The Occupational Safety and Health Act of 1970 (the Act) requires that employers provide their employees with safe and healthful workplaces, and the Occupational Safety and Health Administration (OSHA) of the U.S. Department of Labor sets and enforces health and safety standards and provides training, education and assistance. General industry matters covered by OSHA run the gamut from hazard communication to respiratory protection to lockout/tagout to machine guarding. Additional requirements apply to the construction, maritime and agriculture industries.

Not only does OSHA enforce its own standards, OSHA gives employees the means to ensure their workplaces comply with health and safety requirements. Workers have the right to: Receive information and training (in a language the worker understands) about hazards, harm prevention methods and applicable OSHA standards; obtain hazard testing results; review records of work-related injuries and illnesses; and obtain copies of medical records. Also, employees can ask OSHA to inspect their workplace and cannot be the subject of retaliation or discrimination for exercising their legal rights. (OSHA We Can Help.)

Although OSHA recommends that employees first report issues to their supervisor, manager, and/or safety and health committee, "[e]mployees or their representatives have a right to request an inspection of a workplace if they believe there is a violation of a safety or health standard, or if there is any danger that threatens physical harm, or if an ʻimminent dangerʼ exists." An "employee representative" is an authorized representative of an employee bargaining unit, an attorney acting for an employee, or any other person acting in a bona fide representative capacity. In addition to allowing employees to request inspections, the Act (see, e.g., section 11(c)) protects employee whistleblowers who complain about unhealthy or unsafe working conditions; employees who exercise their OSHA rights cannot be fired, transferred, denied a raise or punished in any other way, including having their hours reduced. (How to File a Complaint with OSHA.)

In addition to enforcing whistleblower protections for those workers who exercise their OSHA right to a healthy and safe workplace, OSHA protects employees who report violations of securities, trucking, airline, nuclear, pipeline, environmental, railroad, public transportation, consumer product safety, health care reform, financial reform, food safety, and seaman's protection and coast guard authorization laws. Information about various federal whistleblower protection laws, including links to several fact sheets, is provided in OSHA's 200+ page Whistleblower Investigations Manual.

For example, employers cannot discharge or retaliate against employees who provide information (to the employer, the federal government or the attorney general of a state) relating to any violation (or reasonable belief of violation) of Affordable Care Act (ACA) Title I (containing insurance company accountability requirements and requirements for certain employers, many of which are not effective until 2014). Moreover, employers cannot discharge or retaliate against employees who: Testify, assist or participate (or are about to do so) in a proceeding concerning a Title I violation; object to or refuse to participate in any activity that the employee reasonably believes to violate Title I; or receive a credit under section 36B of the Internal Revenue Code of 1986 or a cost sharing reduction under section 1402 of the ACA. (OSHA Fact Sheet: Filing Whistleblower Complaints under the Affordable Care Act.) OSHA's interim final rule governing whistleblower complaints filed under Section 1558 of the ACA was published in February 2013 and can be viewed at www.dol.gov/find/20130222/.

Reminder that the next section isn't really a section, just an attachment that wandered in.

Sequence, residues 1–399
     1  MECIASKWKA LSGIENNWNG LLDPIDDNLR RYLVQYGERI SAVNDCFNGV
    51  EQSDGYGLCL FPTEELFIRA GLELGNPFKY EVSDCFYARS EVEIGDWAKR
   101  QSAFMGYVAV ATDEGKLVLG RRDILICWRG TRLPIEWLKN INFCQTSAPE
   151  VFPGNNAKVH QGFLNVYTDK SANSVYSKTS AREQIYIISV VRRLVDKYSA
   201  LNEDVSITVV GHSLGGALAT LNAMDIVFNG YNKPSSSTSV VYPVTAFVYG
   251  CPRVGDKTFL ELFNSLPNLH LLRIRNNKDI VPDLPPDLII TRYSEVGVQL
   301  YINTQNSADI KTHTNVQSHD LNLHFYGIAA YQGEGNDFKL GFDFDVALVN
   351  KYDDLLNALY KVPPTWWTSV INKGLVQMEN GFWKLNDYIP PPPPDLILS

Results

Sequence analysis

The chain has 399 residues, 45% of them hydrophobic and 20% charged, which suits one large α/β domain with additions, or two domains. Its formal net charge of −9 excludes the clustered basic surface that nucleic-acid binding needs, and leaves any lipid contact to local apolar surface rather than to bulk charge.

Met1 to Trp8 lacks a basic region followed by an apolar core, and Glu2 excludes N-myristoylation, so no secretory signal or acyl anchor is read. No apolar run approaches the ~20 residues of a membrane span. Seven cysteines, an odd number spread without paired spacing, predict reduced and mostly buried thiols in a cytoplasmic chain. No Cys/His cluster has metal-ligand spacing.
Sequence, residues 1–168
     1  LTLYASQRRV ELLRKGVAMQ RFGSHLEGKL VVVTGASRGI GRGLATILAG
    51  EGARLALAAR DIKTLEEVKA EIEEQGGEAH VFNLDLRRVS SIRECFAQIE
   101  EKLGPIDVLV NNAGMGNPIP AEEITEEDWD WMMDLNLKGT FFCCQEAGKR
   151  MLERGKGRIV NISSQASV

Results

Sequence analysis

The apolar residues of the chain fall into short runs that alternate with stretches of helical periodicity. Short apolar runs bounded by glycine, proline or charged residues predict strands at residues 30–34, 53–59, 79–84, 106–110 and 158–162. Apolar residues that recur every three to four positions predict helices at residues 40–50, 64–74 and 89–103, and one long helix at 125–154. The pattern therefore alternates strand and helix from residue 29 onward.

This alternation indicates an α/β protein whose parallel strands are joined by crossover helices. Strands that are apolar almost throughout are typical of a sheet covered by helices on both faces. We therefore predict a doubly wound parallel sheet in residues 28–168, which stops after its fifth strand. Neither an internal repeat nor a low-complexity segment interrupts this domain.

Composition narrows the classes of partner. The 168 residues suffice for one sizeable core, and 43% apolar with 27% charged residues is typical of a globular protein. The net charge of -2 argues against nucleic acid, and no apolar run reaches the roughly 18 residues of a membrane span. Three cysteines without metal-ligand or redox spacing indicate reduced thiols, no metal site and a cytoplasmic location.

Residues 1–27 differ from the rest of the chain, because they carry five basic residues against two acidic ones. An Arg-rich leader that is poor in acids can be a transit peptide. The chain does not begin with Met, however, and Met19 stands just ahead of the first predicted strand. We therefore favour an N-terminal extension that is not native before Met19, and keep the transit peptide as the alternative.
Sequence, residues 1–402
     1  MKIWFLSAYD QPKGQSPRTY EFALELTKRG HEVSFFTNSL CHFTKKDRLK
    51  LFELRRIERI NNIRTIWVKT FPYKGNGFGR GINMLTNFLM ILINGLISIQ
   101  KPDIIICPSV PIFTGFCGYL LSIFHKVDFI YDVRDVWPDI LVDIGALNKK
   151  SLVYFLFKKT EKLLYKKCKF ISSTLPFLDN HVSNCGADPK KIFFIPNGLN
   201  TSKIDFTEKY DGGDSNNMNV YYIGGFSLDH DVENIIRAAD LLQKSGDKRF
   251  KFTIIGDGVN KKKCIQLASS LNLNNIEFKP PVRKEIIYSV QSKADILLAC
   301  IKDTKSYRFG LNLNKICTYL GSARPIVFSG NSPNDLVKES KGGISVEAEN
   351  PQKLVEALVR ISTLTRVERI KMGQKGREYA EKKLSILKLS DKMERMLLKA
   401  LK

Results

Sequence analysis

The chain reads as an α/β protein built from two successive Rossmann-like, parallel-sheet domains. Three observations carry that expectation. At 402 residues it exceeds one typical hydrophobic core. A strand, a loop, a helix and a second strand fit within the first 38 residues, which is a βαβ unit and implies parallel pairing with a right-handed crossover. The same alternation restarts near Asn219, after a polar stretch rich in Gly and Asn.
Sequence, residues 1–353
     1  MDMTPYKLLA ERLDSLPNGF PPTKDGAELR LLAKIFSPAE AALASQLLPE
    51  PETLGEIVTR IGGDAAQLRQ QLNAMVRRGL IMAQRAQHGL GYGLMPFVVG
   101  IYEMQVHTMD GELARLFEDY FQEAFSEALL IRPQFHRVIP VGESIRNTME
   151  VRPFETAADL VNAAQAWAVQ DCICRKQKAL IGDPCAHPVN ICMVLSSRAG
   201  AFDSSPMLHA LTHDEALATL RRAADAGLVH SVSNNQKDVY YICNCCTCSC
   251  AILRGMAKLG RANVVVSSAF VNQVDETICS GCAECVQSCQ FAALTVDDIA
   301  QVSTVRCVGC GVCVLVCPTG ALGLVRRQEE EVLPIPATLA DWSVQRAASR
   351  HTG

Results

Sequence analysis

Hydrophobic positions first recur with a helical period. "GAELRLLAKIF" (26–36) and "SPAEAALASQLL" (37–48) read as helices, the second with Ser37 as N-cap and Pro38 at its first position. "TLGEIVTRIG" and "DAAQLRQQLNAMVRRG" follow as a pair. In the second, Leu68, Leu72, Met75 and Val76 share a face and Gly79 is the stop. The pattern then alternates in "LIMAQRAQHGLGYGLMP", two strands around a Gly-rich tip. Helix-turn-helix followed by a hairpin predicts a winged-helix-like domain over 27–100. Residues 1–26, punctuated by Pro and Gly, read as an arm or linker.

If an employer takes retaliatory action against an employee because he or she engages in a protected activity, the employee can file a complaint with OSHA by the applicable deadline. If an employee's protected activity contributes to an employer taking adverse action against the employee (for example: Firing, laying off, blacklisting, demoting, denying overtime or promotion, disciplining, denying benefits, failing to hire or rehire, intimidation, making threats, reassignment affecting prospects for promotion and/or reducing pay or hours), then OSHA may issue an order requiring the employer to reinstate the employee, pay back wages, restore benefits, and/or grant other relief to make the employee whole. Employers can contest such OSHA orders. (OSHA Fact Sheet: Your Rights as a Whistleblower.)

Employers that do not comply with OSHA and other federal requirements may find themselves the target of enforcement actions or whistleblower complaints. OSHA initiates thousands of enforcement activities every year. For example, in FY 2010, OSHA conducted almost 41,000 inspections and found over 96,000 violations of its standards and regulations. Moreover, hundreds of whistleblower complaints are filed each year. Two recent examples involve violations of the Federal Railroad Safety Act: OSHA ordered a railroad company to immediately reinstate an employee who was terminated for reporting a work-related injury and to pay the employee more than $350,000 in back wages with interest, compensatory and punitive damages; and, OSHA ordered another railroad company to pay $1,121,099 to three employees who were wrongfully terminated for reporting workplace injuries and to reinstate the employee to their proper seniority levels, with vacation and sick days that they would otherwise have earned. In addition to damages, the company has been ordered to pay reasonable attorneysʼ fees.